1. The question for decision in this case is whether, when a Local Board moves a Magistrate under Section 221 of the Madras Local Boards Act (XIV of 1920) to recover a penalty imposed for encroachment, the defaulting party can ventilate before the Magistrate his claim that there was no encroachment at all, and plead such a defence to the case.
2. It is obvious that, if petitioner's contention be sound that he is allowed to plead such a defence, the Magistrate is constituted a sort of appellate authority over the Local Board in the matter of deciding whether or not there has been in fact an encroachment; and a wholesale application of such a principle would mean that in all cases of demand by the Local Board for fees, tolls, costs, compensation, damages, penalties, charges, expenses or other sums due to it, the Magistrate, a Judge appointed for the trial of criminal matters, is set up as the final Judge over the Local Board, except in so far as either party may take the matter before a Civil Court.
3. This is to our mind a startling proposition, and, unless the wording of the section clearly imports it, we do not accept it. Clause (1923) 45 MLJ 731. of the section clearly lays down that what has to be ascertained by the Magistrate is the "amount or apportionment of the sum." If that is disputed, and that, we take it, is the question that has to be determined under Clause (3). Here petitioner is not disputing as ,to the amount due or its apportionment. He contends that the penalty is not livable at all. We there-fore see no support for the petitioner in the wording of the section.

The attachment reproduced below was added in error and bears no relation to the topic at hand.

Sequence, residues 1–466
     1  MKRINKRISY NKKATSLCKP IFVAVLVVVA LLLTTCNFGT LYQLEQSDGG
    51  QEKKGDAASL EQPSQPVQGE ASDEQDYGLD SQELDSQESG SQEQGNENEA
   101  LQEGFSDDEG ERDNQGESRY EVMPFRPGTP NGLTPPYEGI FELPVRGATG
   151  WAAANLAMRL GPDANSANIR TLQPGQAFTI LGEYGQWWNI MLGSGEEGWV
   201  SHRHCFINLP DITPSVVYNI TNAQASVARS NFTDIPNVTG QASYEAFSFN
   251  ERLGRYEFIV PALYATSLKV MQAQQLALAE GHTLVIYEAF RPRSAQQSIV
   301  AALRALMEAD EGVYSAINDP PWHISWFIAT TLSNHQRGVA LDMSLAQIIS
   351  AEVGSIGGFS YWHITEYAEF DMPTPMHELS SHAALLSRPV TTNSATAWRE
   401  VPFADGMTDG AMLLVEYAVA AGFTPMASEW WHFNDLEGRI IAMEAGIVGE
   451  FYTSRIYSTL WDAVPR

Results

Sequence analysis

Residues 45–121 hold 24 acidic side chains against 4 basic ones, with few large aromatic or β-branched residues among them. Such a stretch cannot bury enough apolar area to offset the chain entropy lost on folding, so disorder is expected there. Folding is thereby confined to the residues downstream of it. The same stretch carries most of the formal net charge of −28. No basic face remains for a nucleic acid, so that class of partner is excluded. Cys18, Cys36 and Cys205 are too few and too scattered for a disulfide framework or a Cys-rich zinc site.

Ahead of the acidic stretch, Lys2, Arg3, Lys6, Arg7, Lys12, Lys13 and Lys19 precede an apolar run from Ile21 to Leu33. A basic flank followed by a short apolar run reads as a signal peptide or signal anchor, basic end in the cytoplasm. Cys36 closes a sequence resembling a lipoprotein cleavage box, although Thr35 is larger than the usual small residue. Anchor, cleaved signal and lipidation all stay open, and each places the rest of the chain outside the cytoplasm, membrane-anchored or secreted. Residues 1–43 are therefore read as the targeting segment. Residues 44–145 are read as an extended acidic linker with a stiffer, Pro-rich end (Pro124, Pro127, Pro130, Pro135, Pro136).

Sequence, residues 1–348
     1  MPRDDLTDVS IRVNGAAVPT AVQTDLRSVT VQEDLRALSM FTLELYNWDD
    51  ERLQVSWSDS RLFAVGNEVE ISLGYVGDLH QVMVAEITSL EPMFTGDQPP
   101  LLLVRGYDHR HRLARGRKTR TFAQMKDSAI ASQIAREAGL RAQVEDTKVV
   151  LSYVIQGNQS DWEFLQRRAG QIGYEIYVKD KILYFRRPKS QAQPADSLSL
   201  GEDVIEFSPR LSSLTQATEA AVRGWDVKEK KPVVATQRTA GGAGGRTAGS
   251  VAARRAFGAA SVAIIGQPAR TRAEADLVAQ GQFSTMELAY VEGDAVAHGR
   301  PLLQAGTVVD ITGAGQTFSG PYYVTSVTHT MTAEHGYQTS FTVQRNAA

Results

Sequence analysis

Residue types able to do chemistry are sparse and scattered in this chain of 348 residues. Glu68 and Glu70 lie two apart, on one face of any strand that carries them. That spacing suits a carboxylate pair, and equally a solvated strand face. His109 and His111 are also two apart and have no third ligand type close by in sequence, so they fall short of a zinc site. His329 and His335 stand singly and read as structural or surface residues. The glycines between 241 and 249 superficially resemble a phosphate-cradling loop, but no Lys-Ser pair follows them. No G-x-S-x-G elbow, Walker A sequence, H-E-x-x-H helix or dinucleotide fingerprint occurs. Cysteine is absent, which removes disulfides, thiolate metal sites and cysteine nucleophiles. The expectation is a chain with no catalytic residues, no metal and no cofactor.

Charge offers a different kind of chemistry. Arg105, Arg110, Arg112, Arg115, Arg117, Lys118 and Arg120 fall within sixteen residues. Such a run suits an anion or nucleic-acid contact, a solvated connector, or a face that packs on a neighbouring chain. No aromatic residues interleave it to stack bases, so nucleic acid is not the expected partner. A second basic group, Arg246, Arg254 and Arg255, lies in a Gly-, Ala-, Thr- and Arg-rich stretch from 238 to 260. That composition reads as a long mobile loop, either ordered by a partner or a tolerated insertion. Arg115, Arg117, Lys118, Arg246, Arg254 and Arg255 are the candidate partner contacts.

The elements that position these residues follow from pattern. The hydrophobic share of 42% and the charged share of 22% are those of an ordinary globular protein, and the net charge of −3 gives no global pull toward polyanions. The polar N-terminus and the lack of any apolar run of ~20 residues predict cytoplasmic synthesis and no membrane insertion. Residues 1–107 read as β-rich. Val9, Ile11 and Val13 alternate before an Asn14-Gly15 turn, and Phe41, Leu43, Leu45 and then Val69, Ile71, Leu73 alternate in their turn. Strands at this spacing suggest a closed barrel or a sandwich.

4. Under Section 164 the petitioner is "bound" to pay such sums as may be demanded by the Local Board by way of penalty, which sum "may be recovered in the manner hereinafter provided, "i. e., as in Section 221. This makes it quite clear that Section 221 only applies to the manner of recovery and Hoes not re-open the question whether the petitioner is bound to pay. Petitioner is not able to refer us to any reported case directly in support of his view. The case In re Smith (1923) 45 MLJ 731 was a case of prosecution of a person who had erected some machinery without permission of the Commissioner of Madras City Municipality, and thus was said to have contravened Section 288 of the Madras City Municipal Act (IV of 1919). There this High Court went into the question of whether such permission was required in the case and decided that it was not. We do not think this can throw any light on the proper interpretation of Sections 164 and 221 of the Local Boards Act. The same learned Judge has held in a case In re Krishnaswami (1924) 48 MLJ 132. that, in a prosecution for contravention of Section 166(1) of the Local Boards Act, it was not open to the accused to plead that the motor-bus license ought not to have been refused by the President of the Local Board. Another learned Judge of this Court has taken a similar view in a case Chairman, Municipal Council, Chicacole v. Seetharamayya Naidu (1924) 21 L W 280 a case of disobedience of a notice under Section 219(1) of the Madras District Municipalities Act (V of 1920).
5. We find no support for the petitioner's contention in these cases or any others cited before us. We dismiss this petition.